In the third part of the book, Mr. Cassidy uses the basic ideas introduced in the first two parts to explain how we got ourselves into the debacle which started in 2007. And unlike many other books on the subject, the author manages to do so with little blame or judgment on any one person or government entity. His "rational irrationality" explanation does an excellent job of showing how the various economic players were only following their own rational interests (or interest of the company or organization they represented), as opposed to some conspiracy theory of how Wall Street or the government did this to us. It would be much easier to point fingers or label Wall Street executives as corrupt or greedy. But that would not help us understand how to prevent this sort of thing from happening again.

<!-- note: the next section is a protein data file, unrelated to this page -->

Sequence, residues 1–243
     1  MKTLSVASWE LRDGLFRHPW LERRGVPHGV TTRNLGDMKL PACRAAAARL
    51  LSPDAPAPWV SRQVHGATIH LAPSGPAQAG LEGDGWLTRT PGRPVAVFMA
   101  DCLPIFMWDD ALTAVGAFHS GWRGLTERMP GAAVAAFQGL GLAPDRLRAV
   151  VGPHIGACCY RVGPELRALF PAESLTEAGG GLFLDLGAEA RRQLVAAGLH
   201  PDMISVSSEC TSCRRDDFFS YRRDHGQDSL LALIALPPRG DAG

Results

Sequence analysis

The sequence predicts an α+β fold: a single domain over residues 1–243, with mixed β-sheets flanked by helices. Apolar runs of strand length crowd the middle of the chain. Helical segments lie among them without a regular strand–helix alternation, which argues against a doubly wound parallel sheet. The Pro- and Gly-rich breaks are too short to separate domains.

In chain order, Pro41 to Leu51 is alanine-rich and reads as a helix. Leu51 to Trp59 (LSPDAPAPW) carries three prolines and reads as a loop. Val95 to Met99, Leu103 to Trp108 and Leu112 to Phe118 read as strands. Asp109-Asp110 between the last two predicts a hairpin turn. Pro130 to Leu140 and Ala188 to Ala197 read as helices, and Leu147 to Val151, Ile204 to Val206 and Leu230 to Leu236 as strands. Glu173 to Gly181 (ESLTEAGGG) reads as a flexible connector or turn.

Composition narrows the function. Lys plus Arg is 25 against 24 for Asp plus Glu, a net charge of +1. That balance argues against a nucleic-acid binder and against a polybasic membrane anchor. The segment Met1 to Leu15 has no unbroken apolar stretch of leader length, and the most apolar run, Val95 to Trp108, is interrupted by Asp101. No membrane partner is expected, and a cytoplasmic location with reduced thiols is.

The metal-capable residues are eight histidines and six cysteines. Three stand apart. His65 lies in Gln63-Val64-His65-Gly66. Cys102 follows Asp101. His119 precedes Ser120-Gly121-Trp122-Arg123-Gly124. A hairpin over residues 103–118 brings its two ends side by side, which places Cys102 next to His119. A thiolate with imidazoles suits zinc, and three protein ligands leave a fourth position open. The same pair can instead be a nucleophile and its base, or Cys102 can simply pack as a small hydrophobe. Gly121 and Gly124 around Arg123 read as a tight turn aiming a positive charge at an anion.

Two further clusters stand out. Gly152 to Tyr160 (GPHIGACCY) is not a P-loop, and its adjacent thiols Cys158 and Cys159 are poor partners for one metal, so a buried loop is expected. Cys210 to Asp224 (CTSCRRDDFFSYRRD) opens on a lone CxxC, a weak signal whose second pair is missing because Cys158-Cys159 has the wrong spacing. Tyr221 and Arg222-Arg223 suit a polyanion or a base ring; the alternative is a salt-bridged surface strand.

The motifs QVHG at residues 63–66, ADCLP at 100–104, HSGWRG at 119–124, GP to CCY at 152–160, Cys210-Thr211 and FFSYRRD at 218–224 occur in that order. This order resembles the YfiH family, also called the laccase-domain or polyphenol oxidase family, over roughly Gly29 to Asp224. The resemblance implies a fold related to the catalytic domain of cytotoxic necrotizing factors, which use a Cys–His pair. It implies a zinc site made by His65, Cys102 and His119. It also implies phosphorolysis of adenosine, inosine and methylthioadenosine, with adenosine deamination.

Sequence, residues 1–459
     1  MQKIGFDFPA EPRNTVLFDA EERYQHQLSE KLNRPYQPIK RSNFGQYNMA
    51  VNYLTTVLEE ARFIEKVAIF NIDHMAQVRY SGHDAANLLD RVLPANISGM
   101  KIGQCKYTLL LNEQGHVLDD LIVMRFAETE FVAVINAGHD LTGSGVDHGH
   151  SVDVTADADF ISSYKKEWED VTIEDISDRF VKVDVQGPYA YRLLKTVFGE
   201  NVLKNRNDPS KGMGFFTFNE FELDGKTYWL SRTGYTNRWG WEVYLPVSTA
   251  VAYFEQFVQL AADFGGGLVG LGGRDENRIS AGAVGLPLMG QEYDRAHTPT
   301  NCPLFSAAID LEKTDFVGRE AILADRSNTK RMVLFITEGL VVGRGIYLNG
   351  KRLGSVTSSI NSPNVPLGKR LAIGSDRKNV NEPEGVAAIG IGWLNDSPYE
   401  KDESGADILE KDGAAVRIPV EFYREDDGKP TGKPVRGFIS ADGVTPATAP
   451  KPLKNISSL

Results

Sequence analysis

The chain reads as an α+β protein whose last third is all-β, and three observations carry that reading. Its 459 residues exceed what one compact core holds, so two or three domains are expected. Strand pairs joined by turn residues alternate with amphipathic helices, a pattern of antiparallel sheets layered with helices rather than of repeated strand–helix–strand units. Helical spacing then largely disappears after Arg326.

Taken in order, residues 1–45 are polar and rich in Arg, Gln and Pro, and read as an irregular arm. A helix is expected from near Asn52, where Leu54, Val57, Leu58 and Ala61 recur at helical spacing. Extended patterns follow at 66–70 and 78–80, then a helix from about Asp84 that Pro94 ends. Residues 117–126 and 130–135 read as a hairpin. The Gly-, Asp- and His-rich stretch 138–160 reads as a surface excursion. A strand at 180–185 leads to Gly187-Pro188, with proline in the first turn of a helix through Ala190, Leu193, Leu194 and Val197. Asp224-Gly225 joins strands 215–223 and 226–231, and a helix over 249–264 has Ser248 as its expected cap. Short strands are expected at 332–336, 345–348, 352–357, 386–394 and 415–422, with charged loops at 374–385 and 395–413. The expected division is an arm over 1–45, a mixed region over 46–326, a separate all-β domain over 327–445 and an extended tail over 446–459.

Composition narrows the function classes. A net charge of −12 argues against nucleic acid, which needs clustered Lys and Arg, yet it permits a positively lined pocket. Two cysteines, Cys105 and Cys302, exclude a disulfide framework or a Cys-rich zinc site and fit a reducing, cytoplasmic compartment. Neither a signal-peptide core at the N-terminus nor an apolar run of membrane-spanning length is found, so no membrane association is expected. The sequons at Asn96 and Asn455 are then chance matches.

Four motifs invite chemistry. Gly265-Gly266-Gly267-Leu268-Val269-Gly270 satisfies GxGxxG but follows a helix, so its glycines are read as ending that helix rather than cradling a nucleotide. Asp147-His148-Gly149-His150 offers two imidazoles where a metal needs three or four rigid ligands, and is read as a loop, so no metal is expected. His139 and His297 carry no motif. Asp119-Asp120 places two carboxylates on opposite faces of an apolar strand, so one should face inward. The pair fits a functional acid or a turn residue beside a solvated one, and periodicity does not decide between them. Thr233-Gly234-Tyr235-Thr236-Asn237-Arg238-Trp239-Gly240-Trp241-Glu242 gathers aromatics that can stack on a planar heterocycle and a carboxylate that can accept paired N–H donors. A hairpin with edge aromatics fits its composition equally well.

In his conclusion, the author states, "Effective government is a matter of getting the balance right between autonomy and coordination." This one sentence pretty much sums of the thesis of the whole book. And indeed, Mr. Cassidy provides compelling arguments to back up his thesis. Easy to understand as well as entertaining, I highly recommend this book.

    1 out of 1 people found this review helpful.

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  • Posted July 22, 2011

    One of the best books on economics available

    Warning: if you devoutly read the Wall Street Journal editorial page and worship Ayn Rand, you will hate this book. Anyone else with a basic knowledge of economics and an open mind will learn a lot from When Markets Fail. Read it twice, it's that good. Cassidy does a great job of explaining, well, why markets fail (Unlike many books, the title is very accurate here).